What’s impostor syndrome, you ask?

It’s when a colleague compliments your work on a report, and you point out the fact that you missed a single typo on page 14.

It’s when the stranger at Starbucks says she likes your outfit, and you say, “Thanks, but look at the terrible hair day I’m having!”

It’s when a fellow mom notes how well-behaved your son is, and you insist that he’s never usually this good (even though he actually is).

It’s when a friend congratulates you on a recent success, and you blush and chalk it all up to good luck.

A lot of successful women suffer from impostor syndrome in everything from their careers to their clothes to their kids. “I don’t deserve this,” we think. “They’re saying I’m good enough, but I know I’m really not.”

One way to tell if you’re suffering from impostor syndrome is to question if you really know how to accept a compliment graciously.

If you clam up, start squirming, and turn beet red when someone compliments you, you’re probably infected. If you immediately redirect the conversation or—even worse—counteract the compliment by insisting you can’t accept credit or that it was all a fluke, get thee to the doctor. You’ve got a bad case of impostor syndrome.

Thankfully there’s a cure, and the treatment regimen begins with healthier responses to those awesome accolades you get.

How to Accept a Compliment: 4 Ways To Respond Graciously

1. Say “thank you.” Nothing else.

For those who have been struck by impostor syndrome, the phrase “thank you” is almost always followed by the word “but.”

Thank you, but it really wasn’t that big of a deal. Thank you, but I probably could have done better. Thank you, but I think I just got lucky. And on and on and on.

To start the path to recovery, try biting your tongue before you say “but.”

2. Share an interesting detail.

Too many women respond to a compliment by downgrading the very quality for which they’re being praised. That’s not how to accept a compliment!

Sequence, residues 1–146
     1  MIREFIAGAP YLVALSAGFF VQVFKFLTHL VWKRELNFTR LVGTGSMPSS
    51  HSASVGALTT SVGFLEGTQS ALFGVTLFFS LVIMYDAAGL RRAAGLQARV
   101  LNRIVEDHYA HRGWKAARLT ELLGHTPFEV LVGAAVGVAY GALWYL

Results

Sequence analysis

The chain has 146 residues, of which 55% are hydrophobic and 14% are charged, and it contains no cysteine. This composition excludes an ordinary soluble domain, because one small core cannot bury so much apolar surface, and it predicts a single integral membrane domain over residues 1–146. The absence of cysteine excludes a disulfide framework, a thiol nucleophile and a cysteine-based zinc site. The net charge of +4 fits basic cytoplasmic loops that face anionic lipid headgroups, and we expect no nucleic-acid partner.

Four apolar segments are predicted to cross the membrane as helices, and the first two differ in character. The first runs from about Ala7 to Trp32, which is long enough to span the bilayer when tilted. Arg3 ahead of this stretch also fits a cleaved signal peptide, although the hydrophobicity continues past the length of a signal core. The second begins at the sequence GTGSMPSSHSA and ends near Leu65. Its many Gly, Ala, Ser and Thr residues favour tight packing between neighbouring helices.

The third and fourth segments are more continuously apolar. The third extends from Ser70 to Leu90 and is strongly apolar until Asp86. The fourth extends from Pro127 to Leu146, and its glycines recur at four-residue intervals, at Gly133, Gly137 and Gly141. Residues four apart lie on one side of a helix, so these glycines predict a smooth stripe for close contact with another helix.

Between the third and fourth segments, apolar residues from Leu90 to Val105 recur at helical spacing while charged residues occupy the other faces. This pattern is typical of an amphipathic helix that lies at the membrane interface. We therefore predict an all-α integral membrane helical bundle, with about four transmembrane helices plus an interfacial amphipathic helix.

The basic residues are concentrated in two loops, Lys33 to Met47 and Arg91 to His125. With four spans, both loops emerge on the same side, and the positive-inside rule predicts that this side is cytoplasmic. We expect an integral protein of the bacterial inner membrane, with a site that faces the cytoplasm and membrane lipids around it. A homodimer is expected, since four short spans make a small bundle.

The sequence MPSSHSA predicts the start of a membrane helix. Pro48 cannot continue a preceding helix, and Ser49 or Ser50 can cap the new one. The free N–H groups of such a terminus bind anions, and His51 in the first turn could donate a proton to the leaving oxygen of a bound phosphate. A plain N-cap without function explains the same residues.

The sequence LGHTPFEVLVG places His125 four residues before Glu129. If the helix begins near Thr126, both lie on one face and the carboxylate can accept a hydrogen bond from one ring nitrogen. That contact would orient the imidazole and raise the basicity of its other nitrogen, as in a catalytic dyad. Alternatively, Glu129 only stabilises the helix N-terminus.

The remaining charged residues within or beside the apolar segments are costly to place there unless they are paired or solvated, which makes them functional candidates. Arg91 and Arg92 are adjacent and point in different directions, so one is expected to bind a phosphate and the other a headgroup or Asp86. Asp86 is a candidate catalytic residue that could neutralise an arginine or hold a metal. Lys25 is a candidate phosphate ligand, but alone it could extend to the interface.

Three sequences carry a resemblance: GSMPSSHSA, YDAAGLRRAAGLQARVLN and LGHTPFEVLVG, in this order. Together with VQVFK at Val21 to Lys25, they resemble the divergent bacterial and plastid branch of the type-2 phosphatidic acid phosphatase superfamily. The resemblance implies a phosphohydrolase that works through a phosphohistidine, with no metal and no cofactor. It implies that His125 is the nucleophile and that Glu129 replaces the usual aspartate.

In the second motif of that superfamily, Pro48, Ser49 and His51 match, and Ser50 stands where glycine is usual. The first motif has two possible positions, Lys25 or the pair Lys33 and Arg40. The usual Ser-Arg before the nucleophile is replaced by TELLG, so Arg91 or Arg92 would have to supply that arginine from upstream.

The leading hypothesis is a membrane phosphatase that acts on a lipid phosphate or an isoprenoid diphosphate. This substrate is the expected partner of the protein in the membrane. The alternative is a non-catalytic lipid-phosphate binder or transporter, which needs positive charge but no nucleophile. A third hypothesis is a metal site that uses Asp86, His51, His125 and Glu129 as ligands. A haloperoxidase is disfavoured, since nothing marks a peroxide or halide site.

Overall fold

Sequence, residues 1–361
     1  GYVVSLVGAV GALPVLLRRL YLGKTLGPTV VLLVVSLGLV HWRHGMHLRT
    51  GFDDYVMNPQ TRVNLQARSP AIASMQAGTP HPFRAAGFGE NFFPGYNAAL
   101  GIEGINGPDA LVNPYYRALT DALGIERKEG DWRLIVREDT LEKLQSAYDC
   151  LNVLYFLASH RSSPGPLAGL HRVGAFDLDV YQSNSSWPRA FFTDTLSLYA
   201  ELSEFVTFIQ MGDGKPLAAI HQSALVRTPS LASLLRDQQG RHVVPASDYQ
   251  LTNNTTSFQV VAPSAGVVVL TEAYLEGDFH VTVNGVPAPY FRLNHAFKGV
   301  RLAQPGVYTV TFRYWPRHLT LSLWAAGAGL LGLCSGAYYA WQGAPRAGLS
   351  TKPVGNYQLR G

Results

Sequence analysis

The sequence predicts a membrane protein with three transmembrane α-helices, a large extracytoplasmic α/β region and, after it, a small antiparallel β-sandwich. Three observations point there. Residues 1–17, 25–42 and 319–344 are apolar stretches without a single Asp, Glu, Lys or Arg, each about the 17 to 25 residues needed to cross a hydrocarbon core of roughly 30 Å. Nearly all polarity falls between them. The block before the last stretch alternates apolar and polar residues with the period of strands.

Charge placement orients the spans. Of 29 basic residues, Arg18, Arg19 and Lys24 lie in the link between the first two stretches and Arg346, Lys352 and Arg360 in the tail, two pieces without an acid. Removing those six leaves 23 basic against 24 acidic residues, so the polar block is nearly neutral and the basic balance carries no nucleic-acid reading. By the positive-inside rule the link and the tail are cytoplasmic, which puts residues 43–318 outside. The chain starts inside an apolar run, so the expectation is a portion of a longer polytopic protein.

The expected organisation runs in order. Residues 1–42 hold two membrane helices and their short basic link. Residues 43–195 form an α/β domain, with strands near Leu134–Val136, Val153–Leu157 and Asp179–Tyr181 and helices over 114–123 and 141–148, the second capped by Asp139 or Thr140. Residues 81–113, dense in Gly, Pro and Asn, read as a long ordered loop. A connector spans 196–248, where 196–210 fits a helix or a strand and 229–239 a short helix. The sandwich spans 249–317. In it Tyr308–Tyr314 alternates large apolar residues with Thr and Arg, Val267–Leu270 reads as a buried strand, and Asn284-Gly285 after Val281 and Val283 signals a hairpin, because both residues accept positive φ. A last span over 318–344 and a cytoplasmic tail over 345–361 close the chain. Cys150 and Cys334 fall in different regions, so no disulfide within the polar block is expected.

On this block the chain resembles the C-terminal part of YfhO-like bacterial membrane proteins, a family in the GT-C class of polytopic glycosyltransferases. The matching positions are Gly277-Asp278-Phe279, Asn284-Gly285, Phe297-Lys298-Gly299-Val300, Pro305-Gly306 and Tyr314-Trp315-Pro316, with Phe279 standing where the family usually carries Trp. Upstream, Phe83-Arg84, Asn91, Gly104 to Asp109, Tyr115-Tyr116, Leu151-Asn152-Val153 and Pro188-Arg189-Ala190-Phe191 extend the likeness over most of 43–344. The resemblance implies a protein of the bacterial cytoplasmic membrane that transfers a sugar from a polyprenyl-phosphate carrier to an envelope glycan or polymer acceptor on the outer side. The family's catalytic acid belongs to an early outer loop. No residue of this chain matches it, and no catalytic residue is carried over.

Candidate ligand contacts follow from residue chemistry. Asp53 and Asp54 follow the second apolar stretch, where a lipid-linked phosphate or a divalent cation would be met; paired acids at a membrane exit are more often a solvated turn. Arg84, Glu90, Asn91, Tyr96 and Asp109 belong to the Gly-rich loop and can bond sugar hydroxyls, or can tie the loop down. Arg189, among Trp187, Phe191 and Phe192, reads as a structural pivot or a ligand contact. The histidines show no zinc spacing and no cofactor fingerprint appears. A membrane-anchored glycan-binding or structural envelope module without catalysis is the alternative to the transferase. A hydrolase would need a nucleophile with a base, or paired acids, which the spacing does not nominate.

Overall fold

Someone compliments our shoes and we jump to tell them how old they are, as if we couldn’t possibly be up-to-date with the latest trends. Someone congratulates us on a promotion and we immediately counter that the better candidate dropped out of the race.

A better approach? Offering the complimenter an extra tidbit of information that tells a more complete story—sans self-degredation.

So for the shoes, your usual response of “You mean this old pair?” becomes “They were a thoughtful gift from my aunt, and wearing them always makes me think of her.” Likewise, for the promotion, any mention of the competition gets replaced with, “I actually rehearsed for the interview in front of the mirror!”

3. Ask a question.

This one’s downright practical. When someone gives you kudos, see if you can get them to elaborate a bit; their feedback might be really useful for future endeavors.

For example, when your co-worker says, “I loved your article!” you thank her and then ask what in particular she liked about it. Or when your friend exclaims that she loves the paint color you chose for your living room, see if she has any suggestions for artwork that might pair nicely.

4. Return the love.

Saying thank you is polite, but also offering some flattery of your own is polite and thoughtful. The point of doing so isn’t to diminish your achievement in any way; rather, it simply serves to start a conversation in which both parties are appreciated and celebrated.

It can be as simple as saying something like, “I was just admiring your outfit as well!” Or my personal favorite: Complimenting the compliment itself. “Thanks for saying my daughter’s a great listener. That’s about the nicest thing you can say to a mom!” Now that’s how to accept a compliment graciously!

As Jessica Valenti once wrote, “Confidence is not just about believing in the good in ourselves, but about believing in the good that others see in us.”

If you constantly feel like you’re not good enough or that you don’t deserve whatever great things have come your way in life, try changing the way you respond to the compliments you undoubtedly receive.

You might just find that when you stop undervaluing yourself, you discover you’re not an impostor at all. Just a genuinely amazing human being.

How to accept and make the best of a terrible gift

That’s because we are living someone else’s life. We allowed other people to influence or determine our choices—we are trying to please their expectations.

Social pressure is deceiving—we all become prey without noticing it. Before we realize we lost control of our lives, we end up envying how other people live. We can only see the greener grass—ours is never good enough.

To regain that passion for the life you want, you must recover ownership of your choices.

The Illusion of Others

You are not alone. Expectations are hard to overcome. With my experience coaching executives and their teams, I’m used to dealing with expectations—everyone is susceptible to the illusion of others.

Pleasing others is like chasing a moving target. People will have multiple hopes for you. Social pressure fluctuates—others’ expectations will continually change.

By trying to please everyone, we end up pleasing no one—ourselves included. Expectations are an illusion. That’s why most people don’t live the life they want. They feel frustrated and disappointed.